Painting

ca. 1612 (painted)
Painting thumbnail 1
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Not currently on display at the V&A

Artist/Maker
Place Of Origin

The painting of a North American turkey cock (Meleagris gallopavo) done for the Mughal emperor Jahangir (r. 1605-1627) is a record of the arrival of this exotic bird at the court in 1612. Jahangir had asked his friend, the high-ranking noble Muqarrab Khan, to procure rarities of any kind at the port of Cambay, on the western coast, and in 1612 a consignment of exotic birds and animals caused a sensation. Jahangir recorded this in his memoirs, written in Persian. The English translation is by Alexander Rogers and Henry Beveridge: "as these animals appeared to me to be very strange, I both described them and ordered that painters should draw them in the Jahangir-nama ["Book of Jahangir", his memoirs], so that the amazement that arose from hearing of them might be increased. One of these animals in body is larger than a peahen and smaller than a peacock. When it is in heat and displays itself, it spreads out its feathers like the peacock and dances about. Its beak and legs are like those of a cock. Its head and neck and the part under the throat are every minute of a different colour. When it is in heat it is quite red - one might say it had adorned itself with red coral - and after a while it becomes white in the same places and looks like cotton. It sometimes looks of a turquoise colour. Like a chameleon it constantly changes colour." The painting, signed by the leading artist of the court Mansur, was preserved in an album, probably during the reign of Jahangir when the floral borders were added to it. At an unknown date the album was dismembered, and this page was part of a group of folios bequeathed to the museum in 1921 by Lady Wantage.


object details
Categories
Object Type
Materials and Techniques
Opaque watercolour and gold on paper
Brief Description
Painting, turkey cock, by Mansur, opaque watercolour and gold on paper, Mughal, ca. 1612
Physical Description
Painting, in opaque watercolour and gold on paper, a turkey cock facing left, painted on a ground undecorated except for a line of flowers beneath its feet and streaks of clouds above. The artist's signature is beneath its wattle on the undecorated ground above the flowers. The painting is framed by bands of calligraphy above and beneath, and the page has borders of gold-painted flowering plants on undyed paper.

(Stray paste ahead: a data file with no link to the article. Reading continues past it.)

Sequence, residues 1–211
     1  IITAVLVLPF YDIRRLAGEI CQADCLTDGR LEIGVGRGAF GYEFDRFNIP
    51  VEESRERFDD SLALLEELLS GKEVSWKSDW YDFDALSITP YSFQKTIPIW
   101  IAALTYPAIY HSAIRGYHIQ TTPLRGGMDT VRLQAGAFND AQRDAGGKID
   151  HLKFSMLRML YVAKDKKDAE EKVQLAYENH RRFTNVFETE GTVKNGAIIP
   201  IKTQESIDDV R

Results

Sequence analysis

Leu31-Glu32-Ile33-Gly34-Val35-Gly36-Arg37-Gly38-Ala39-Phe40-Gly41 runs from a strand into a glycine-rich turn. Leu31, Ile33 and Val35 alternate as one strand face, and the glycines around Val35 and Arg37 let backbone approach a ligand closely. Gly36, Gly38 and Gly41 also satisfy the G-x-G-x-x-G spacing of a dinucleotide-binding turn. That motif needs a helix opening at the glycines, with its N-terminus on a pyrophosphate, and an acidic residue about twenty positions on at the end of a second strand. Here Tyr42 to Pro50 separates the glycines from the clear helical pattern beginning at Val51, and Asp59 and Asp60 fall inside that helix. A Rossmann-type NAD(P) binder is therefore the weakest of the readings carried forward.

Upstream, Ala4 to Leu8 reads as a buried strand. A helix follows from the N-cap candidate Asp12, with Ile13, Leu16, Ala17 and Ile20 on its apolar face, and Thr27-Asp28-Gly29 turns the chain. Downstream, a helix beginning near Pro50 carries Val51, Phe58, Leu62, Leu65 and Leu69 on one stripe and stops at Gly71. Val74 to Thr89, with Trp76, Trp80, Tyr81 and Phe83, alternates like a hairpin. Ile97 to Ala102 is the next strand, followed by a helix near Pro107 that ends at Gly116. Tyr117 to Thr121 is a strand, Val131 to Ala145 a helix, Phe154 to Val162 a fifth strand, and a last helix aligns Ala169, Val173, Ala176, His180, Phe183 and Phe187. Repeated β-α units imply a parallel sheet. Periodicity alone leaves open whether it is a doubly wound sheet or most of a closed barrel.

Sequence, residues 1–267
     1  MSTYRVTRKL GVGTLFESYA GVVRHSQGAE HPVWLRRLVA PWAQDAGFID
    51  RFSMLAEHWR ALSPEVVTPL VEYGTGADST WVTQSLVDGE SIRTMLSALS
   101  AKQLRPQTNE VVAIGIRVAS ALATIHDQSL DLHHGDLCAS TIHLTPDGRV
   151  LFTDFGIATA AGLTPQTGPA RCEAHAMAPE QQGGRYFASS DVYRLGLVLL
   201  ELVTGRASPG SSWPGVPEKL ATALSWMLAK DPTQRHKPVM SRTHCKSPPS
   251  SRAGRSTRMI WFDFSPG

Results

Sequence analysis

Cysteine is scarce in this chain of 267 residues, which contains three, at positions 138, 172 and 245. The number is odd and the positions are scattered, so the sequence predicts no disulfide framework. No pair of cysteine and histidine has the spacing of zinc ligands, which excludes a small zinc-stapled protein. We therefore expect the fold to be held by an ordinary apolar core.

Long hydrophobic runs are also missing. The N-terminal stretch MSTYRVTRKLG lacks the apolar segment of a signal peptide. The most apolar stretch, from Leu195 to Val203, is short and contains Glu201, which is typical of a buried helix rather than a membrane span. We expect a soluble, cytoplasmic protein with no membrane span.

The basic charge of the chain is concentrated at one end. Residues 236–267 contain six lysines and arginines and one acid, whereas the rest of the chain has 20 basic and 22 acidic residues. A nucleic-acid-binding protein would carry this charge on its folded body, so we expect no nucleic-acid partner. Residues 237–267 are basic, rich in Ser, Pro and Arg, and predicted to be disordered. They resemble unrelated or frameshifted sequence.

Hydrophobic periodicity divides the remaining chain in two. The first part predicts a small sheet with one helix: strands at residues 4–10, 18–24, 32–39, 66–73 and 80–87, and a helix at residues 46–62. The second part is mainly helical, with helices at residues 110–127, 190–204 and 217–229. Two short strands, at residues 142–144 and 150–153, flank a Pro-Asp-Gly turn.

Dimensions
  • Height: 12.8cm
  • Width: 12.2cm
  • Page height: 39cm
  • Page width: 26.4cm
Content description
A turkey cock facing left, painted on a ground undecorated except for a line of flowers beneath its feet and streaks of clouds above. The artist's signature is beneath its wattle on the undecorated ground above the flowers. The painting is framed by bands of calligraphy above and beneath, and the page has borders of gold-painted flowering plants on undyed paper.
Styles
Marks and Inscriptions
(This is the signature of the artist, not an attribution.)
Credit line
Bequeathed by Lady Wantage
Object history
Another version of this painting is in the Maharaja Sawai Man Singh II Museum, Jaipur: A.G. 839; others are in the Indian Museum Kolkata (R210) and Fitzwilliam Museum, Cambridge ((PD 83-1948).
Subjects depicted
Summary
The painting of a North American turkey cock (Meleagris gallopavo) done for the Mughal emperor Jahangir (r. 1605-1627) is a record of the arrival of this exotic bird at the court in 1612. Jahangir had asked his friend, the high-ranking noble Muqarrab Khan, to procure rarities of any kind at the port of Cambay, on the western coast, and in 1612 a consignment of exotic birds and animals caused a sensation. Jahangir recorded this in his memoirs, written in Persian. The English translation is by Alexander Rogers and Henry Beveridge: "as these animals appeared to me to be very strange, I both described them and ordered that painters should draw them in the Jahangir-nama ["Book of Jahangir", his memoirs], so that the amazement that arose from hearing of them might be increased. One of these animals in body is larger than a peahen and smaller than a peacock. When it is in heat and displays itself, it spreads out its feathers like the peacock and dances about. Its beak and legs are like those of a cock. Its head and neck and the part under the throat are every minute of a different colour. When it is in heat it is quite red - one might say it had adorned itself with red coral - and after a while it becomes white in the same places and looks like cotton. It sometimes looks of a turquoise colour. Like a chameleon it constantly changes colour." The painting, signed by the leading artist of the court Mansur, was preserved in an album, probably during the reign of Jahangir when the floral borders were added to it. At an unknown date the album was dismembered, and this page was part of a group of folios bequeathed to the museum in 1921 by Lady Wantage.
Bibliographic References
  • Clarke, C. Stanley; Indian Drawings: Thirty Mogul Paintings of the School of Jehangir and Four Panels of Calligraphy ini the Wantage Bequest. London 1922No. 23, pl. 15Swallow, Deborah and John Guy eds. Arts of India: 1550-1900. text by Rosemary Crill, John Guy, Veronica Murphy, Susan Stronge and Deborah Swallow. London : V&A Publications, 1990. 240 p., ill. ISBN 1851770224, p.79, no.54 Asok Kumar Das, Wonders of Nature. Ustad Mansur at the Mughal Court, The Marg Foundation, Mumbai, 2012, fig. V.19, and pp. 96-99
  • Susan Stronge, Painting for the Mughal Emperor. The art of the book 1560-1660, plate 99 and pp. 134-135.
  • Topsfield, Andrew, An introduction to Indian Court Painting, H.M.S.O., London, 1984, 0112903835p. 19, cat. no. 9.
Collection
Accession Number
IM.135-1921

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record createdDecember 15, 1999
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